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Fielding a team

Lou Dantzler Christmas Classic

Pat Wolf volunteered at the Challengers Boys & Girls Club this semester to assist in developing a basketball program for children from the Club as well as other clubs and schools in the Los Angeles area. The program, which had featured clinics and practices for several months, culminated Friday, Dec. 7, with a tournament among six area middle schools called the Lou Dantzler Christmas Classic in tribute to the club's founder.
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The man in charge

By Danny Savitzky

There is no fortune to be had in this position, no prestige or fame to gain, no power to exert, but Corey Dantzler wants to follow in his father’s footsteps nevertheless.

As the CEO and president of the Challengers Boys & Girls Club in south Los Angeles, Dantzler says his experience is rewarding enough that he hopes to keep doing it for a long, long time.

“Being able to see the kids each day, see the smiles on their faces, have the opportunity to be involved in something that’s positive is something that’s very meaningful for me,” Dantzler said.

In his current position, Dantzler is charged with the management
and administration of the club, including working with the kids himself, fundraising and organization of the club’s programs. Those include homework assistance for members, athletic programs, radio and video production, computer use and more.

Dantzler has been perpetuating the legacy of Challengers as an employee there for 20 years and in his current position since 2006, when his father Lou Dantzler, the club’s founder, died.

“This organization was started by my father with 12 kids in the back of a truck, taking kids to the park,” Dantzler said. “He did that one weekend, and the next weekend he had 24 kids, and it continued to grow.

“Here we are now, some 40 years later, serving close to 2000 kids a year.”

Dantzler said that the growth process was not that simple, though. With his father creating the club from nothing, he tried anything to raise money for the club and benefited greatly from charitable donations.

“Most of our funding comes from any place we can get it from,” Dantzler said. “We always joke that we beg, borrow and steal in just about any way we can.

“The building we are in now used to be a Vons supermarket in the late 1960s. They deeded that building over to my father for $1, and he turned it into Challengers Boys & Girls Club, a 52,000-square-foot building taking up a city block for activities and programs for kids.”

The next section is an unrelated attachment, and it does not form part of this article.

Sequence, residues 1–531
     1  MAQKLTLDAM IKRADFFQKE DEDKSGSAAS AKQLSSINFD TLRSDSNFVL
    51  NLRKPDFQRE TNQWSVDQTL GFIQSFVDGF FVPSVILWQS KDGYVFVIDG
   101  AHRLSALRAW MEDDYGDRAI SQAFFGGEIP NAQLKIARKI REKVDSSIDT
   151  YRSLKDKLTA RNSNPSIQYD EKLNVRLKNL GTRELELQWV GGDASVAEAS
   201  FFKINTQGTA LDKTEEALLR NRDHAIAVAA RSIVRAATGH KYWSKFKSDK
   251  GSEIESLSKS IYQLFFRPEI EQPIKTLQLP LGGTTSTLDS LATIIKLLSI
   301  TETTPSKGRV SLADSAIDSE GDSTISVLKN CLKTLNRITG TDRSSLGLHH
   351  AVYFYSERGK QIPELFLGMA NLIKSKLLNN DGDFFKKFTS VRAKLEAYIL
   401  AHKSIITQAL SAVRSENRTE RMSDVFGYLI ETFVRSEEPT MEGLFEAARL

The facility, more like a campus for the club’s members, is a noticeable facility at Vermont Avenue and 50th Street among its rundown surroundings. This “Oasis of South-Central LA,” as Dantzler referred to it, features a 2-story building with classrooms, offices and other activity rooms as well as basketball courts, plenty of field space and even a few tennis courts.

The club even has a dental clinic that offers free dental care to the club’s members.

“We try to keep them very busy with an array of activities and we’re open to accommodate kids who are either in school or not in school right now,” Dantzler said.

Dantzler is quick to point out that the Challengers Club distinguishes itself from other children’s programs in the area and around the country.

“We have certain rules,” he said.

There’s a strict dress code for members. Kids are not allowed to wear gang paraphernalia, boys cannot wear earrings or sag their clothing. But one development that Dantzler is particularly proud of is the club’s requirement that the children’s parents donate some of their time to the club.

“One of the things that’s unique about us was our requirement for our members’ parents to volunteer five hours per month of their time in order for their kids to be involved with the club,” he said.

“I’ve worked at other organizations where they really don’t promote that, and the parents look at the organization as a large babysitting operation, and that’s something we definitely don’t want to promote here,” he said. “We want the parents to come through the doors and be involved not just with their own kids but with all the kids so they get a good understanding of what it’s like to volunteer in a Boys & Girls Club.”

Dantzler believes his system works, and his long-term goals are more about sustaining what his father and he have already built, rather than trying to expand. He is proud of what members of his club go on to do.

Oklahoma City Thunder point guard Russell Westbrook is a former member of the club, as was his brother Raynard, who plays college football at the University of Central Oklahoma.

“Those are some of the high-profile cases,” Dantzler said, “but I’ve always enjoyed the kids who have come through who now have families of their own and their kids are in the club and they’ve gone on and done really successful things in their own professional career as well.

“We’ve had kids come back and talk about how the club has actually saved their lives and given them opportunities to learn discipline and solve self-esteem issues they might have had when they were kids.”

Moving forward, Dantzler hopes to keep the club in his family.

“My sons are fairly young, 11 and 7, so my oldest says that he wants to continue what his grandfather and I have done. Ultimately, it’s been an underlying goal to make sure it stays in the family, but there’s no pressure on them because this type of work is very strenuous, but its also very rewarding.”

For now, though, Dantzler remains content just where he is: in an office overlooking a yard full of hundreds of smiling kids.

Los Angeles-area Boys & Girls Clubs

View Los Angeles-Area Boys & Girls Clubs in a larger map.